Advice for Young Dairy Operators


The dairy industry is in the fourth year of margin and equity compression. This reduction in income, combined with structural changes occurring in the food industry, has accelerated the consolidation and loss of U.S. dairy farms. At a recent agriculture lenders conference, I was asked a difficult question: “Do you have any advice for an excellent producer who has a moderate business management IQ and operates a 550-cow dairy with $5,000 of debt per cow?”

In this producer’s case, one tool to monitor the business is the monthly cash flow projections compared to actual results. Keeping a close eye on the cash flow statement is essential for businesses of all sizes, but is particularly important for larger businesses with more zeros and commas on the financial statements. Losses can mount quickly in large companies if management is not responsive.

Second, I recommend forming an advisory team to serve as another set of eyes to monitor the operation. This advisory team could consist of a crop or livestock consultant, lender and/or nutritionist. The key is to meet quarterly and identify strengths and areas for improvement. Remember, in today's economic environment “base hits” or incremental improvements compared to “home runs” will be more sustainable moving forward.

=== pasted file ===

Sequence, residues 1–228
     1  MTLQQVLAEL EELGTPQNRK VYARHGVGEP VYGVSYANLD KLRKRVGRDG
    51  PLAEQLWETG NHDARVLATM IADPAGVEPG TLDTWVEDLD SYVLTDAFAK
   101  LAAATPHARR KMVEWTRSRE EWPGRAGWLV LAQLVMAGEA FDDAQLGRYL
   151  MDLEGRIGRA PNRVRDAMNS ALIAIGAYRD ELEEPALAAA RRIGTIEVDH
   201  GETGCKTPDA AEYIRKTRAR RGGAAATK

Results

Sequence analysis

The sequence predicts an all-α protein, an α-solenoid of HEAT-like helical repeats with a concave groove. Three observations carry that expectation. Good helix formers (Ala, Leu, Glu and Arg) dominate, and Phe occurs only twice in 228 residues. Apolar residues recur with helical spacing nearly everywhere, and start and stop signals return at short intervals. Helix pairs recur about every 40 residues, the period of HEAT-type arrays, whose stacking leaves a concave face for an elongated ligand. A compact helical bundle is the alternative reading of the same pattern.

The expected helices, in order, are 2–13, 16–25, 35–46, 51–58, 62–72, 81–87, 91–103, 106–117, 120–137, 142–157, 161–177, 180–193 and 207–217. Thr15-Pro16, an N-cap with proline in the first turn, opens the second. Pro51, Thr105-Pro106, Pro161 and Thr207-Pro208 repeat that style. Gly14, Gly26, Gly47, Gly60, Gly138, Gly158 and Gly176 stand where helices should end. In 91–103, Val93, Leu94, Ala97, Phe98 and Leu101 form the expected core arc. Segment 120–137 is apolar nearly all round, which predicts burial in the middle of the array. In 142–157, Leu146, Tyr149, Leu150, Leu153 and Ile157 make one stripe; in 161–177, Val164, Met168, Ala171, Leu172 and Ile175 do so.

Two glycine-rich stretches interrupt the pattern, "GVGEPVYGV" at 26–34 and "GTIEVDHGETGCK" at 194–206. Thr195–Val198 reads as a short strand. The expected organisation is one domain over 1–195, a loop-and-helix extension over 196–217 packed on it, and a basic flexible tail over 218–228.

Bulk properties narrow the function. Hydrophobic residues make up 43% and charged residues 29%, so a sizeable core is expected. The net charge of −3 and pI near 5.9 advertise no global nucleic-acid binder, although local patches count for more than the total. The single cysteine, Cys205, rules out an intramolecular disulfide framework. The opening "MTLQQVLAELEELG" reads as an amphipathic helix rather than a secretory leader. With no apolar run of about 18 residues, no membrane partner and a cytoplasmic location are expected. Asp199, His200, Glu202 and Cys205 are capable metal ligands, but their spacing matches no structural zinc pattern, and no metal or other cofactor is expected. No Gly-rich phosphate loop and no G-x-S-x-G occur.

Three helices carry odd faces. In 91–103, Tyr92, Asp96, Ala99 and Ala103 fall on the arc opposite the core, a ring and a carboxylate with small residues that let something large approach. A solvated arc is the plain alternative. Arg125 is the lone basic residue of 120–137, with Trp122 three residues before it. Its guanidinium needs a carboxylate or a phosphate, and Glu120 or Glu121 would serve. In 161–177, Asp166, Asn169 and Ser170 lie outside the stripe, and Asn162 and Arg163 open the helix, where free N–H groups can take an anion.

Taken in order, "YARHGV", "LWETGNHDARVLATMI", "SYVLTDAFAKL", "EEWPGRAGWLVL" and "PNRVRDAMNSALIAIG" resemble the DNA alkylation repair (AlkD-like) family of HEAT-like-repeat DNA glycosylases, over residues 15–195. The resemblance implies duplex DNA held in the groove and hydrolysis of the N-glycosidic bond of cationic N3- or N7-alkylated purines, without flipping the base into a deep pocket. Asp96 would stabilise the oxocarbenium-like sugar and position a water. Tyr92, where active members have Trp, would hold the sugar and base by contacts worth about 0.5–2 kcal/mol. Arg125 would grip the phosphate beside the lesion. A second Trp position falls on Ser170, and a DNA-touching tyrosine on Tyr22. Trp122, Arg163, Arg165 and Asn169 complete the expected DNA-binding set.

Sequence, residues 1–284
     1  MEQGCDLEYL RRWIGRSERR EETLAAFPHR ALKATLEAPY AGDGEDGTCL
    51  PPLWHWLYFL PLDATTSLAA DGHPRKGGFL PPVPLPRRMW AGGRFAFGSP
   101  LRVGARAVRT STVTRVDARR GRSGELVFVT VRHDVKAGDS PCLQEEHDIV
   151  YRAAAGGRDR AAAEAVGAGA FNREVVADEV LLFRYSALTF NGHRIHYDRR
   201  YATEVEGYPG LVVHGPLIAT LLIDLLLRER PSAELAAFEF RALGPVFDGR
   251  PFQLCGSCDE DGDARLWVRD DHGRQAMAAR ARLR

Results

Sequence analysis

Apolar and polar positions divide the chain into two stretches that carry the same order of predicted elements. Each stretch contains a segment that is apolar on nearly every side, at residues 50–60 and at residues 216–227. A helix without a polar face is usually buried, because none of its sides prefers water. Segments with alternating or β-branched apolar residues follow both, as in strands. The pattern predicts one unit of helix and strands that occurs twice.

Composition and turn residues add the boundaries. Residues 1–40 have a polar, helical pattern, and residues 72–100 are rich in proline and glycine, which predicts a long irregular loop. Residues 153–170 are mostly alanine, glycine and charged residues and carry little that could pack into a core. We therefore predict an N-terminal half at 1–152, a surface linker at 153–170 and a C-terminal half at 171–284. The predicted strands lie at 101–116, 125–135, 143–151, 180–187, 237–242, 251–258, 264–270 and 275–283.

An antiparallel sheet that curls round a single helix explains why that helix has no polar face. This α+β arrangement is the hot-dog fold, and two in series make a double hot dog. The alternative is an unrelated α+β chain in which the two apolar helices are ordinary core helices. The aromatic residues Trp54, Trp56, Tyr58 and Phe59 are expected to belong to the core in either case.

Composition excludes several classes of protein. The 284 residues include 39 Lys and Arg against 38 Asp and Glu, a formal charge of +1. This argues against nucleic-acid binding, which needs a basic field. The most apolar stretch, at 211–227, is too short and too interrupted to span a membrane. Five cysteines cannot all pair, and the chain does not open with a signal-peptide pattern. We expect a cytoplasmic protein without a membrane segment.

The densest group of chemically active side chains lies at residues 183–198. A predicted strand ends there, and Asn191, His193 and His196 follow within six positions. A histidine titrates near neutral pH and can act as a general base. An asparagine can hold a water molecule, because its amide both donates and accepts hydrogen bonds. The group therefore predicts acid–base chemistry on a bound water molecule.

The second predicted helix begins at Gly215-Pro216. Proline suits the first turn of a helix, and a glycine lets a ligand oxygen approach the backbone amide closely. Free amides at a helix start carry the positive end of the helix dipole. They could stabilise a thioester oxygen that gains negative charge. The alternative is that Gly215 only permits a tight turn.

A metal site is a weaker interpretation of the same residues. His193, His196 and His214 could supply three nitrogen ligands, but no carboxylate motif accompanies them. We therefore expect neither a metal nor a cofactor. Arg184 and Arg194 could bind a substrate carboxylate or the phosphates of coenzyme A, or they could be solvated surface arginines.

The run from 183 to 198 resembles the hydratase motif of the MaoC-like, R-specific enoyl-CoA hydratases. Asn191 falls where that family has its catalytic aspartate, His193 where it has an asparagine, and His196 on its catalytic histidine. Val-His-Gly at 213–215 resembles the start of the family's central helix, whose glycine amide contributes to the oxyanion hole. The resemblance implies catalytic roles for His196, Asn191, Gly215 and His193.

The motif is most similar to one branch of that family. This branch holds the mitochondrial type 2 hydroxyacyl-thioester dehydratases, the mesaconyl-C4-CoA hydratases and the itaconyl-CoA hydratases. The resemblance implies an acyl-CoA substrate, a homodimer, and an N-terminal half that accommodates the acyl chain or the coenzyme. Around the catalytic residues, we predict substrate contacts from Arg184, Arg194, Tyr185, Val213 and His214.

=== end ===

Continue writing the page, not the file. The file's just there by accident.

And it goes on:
The use of marketing plans for revenues and expenses will be imperative. The changes in the Farm Bill directed toward the dairy industry may provide some incremental boost to the bottom line. The key to the marketing plan is to plan, strategize and execute. You also must know your cost of production and monitor the results with your advisory team.

Examine your loans and existing debt structure to determine when loans will be paid off or reach maturity. Are there opportunities to restructure loans to reduce debt service requirements? Can you reduce your interest-rate risk by fixing interest rates?

Are there any ways to cut family living costs? Some spouses have found off-farm employment for health insurance and other fringe benefits.

Identify areas where the business management IQ is strong and areas that need improvement. Generally, keep your focus on two to three areas of the business. Focusing on more than three areas for improvement is often overwhelming.

Finally, set aside some time to do good, old-fashioned goal setting. Organize your goals by one- and five-year timeframes. Examine your business, family and personal goals during the goal-setting process. Having clear goals will help to guide the business through this difficult economic environment.